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Metro Police Department not vicariously liable for assault by off-duty plain clothes officers

District of Columbia v. Bamidele
___A.3d___, (2014)

by Gregory S. Emrick, Associate
Semmes, Bowen & Semmes (www.semmes.com)

Available at: http://cases.justia.com/district-of-columbia/court-of-appeals/2014-and12-cv.pdf?ts=1415883695

In the early morning of February 3, 2007, three off-duty District of Columbia Metropolitan Police Department officers went to the Szechuan Gallery for food and drink, having previously been drinking at another establishment. The officers were not in uniform, but two of the officers were carrying their service weapons. While the officers were at the Szechuan Gallery, a confrontation broke out between the officers and some patrons. According to the officers, the female officer in their group was sexually assaulted as she returned from the bathroom. The officers began to investigate her statement with the intent of potentially making an arrest. The patrons began to throw food at the officers causing the confrontation to escalate into a physical altercation when one officer threw a plate into the restaurant wall, narrowly missing Mr. Bamidele’s head, who was seated at a nearby table with his wife. The Bamideles were not with the other patrons or otherwise involved in the altercation. Concerned for their safety, the Bamideles began to leave the restaurant, but Mr. Bamidele confronted the officer who had thrown the plate prior to leaving. The officer apologized, but another of the officers stood up from the table and punched Mr. Bamidele in the face. Thereafter, the three officers proceeded to assault Mr. Bamidele, including throwing him to the floor and stomping him. After Mrs. Bamidele was thrown to the floor, she flagged down another officer in the street who was then able stop the assault. At the time the responding officer arrived, the officers were holding Mr. Bamidele against a wall. One officer was charged with assault, which was later dropped.

The Bamideles filed suit against the District of Columbia, as the employer of the officers, the Szechuan Gallery, and later added the individual officers. After a trial, the jury awarded the Bamideles compensatory damages in the amount of $203,000 and $110,000 in punitive damages against the officers. The jury further found that the officers were acting in the scope and course of their employment, thus making the District of Columbia liable for their actions. The District of Columbia filed post trial motions challenging the damages and the vicarious liability finding. The trial court denied the motions, and the District of Columbia and individual officers appealed.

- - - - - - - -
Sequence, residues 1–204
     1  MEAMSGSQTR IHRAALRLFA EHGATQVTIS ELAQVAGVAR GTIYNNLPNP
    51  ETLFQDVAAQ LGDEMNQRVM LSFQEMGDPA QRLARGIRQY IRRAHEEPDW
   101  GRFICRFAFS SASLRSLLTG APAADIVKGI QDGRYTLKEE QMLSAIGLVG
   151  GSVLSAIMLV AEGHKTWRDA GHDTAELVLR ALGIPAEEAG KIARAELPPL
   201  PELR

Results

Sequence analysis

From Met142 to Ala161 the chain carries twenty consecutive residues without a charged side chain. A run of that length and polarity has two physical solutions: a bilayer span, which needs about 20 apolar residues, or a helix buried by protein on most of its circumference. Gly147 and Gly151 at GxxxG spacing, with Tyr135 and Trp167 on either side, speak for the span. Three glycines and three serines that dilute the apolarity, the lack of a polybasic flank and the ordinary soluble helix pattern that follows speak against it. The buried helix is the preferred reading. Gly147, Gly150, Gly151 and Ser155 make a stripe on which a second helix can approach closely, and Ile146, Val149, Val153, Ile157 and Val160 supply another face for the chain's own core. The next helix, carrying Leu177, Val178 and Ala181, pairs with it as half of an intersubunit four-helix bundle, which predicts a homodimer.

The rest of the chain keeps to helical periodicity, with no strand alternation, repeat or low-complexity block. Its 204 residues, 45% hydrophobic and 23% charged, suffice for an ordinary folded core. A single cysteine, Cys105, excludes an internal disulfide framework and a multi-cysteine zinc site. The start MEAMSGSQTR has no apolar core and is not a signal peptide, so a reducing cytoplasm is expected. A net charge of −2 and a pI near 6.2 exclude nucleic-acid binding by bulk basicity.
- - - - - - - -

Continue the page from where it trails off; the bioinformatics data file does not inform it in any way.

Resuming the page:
The District of Columbia Court of Appeals reviewed the denial of the post trial motions. Initially, it found that there was sufficient evidence to justify the compensatory damage award. The Court also noted that there was sufficient evidence that the intentional assault was “accompanied by conduct and a state of mind evincing malice or its equivalent.” Citing District of Columbia v. Jackson, 810 A.2d 388, 396 (D.C. 2002). The court noted that the facts, demonstrating that the officers were armed while intoxicated in a crowded restaurant, and then engaging in an uncontrolled brawl, were sufficient to evince willful disregard, the equivalent of malice. These facts were sufficient to support the assessment of punitive damages against the officers. The judgments against the officers were undisturbed.

The Court of Appeals, however, reversed the finding that the officers were acting in the scope of employment at the time of the incident. The Court noted that:

To be within the scope of employment, the tortious activity must be actuated, at least in part, by a purpose to further the master’s business, and this intent or purpose ... excludes from the scope of employment all actions committed solely for [the servant’s] own purposes. However, if the employee acts in part to serve his employer’s interest, the employer will be held liable for the intentional torts of his employee even if prompted partially by personal motives, such as revenge. The tortious conduct must also be foreseeable to the employer, meaning that it is a direct outgrowth of the employee’s instructions or job assignments.

DC v. Bamidele, ___ A.3d at 7 (internal quotations and citations omitted). The Court then held that while the officers may have been in the scope of employment when addressing the alleged sexual assault of the female officer by the other patrons, there was no evidence that they had the same law enforcement focused intent vis-à-vis the Bamideles. As such, the assault against the Bamideles was outside of the scope of their employment and the District of Columbia was not liable for the officers’ actions. Further, the Court noted that the Complaint did not seek punitive damages against the District of Columbia, and there was no evidence that the District of Columbia authorized, participated or subsequently ratified the officers’ actions. Without this evidence the District of Columbia was not obligated to pay the officers’ punitive damage awards.

Judge Reid filed an opinion concurring in part and dissenting as to the District of Columbia’s liability for the compensatory damages. In Judge Reid’s view, the factual record presented sufficient, though conflicting, evidence that the assault of the Bamideles was in furtherance of the Police Department’s interests. There was testimony that Mr. Bamidele approached the officers aggressively and could have been a danger to other patrons. Factual determinations supporting vicarious liability were within the jury’s province, and Judge Reid did not believe that the Court of Appeals was correct in ruling on the issue as a matter of law.


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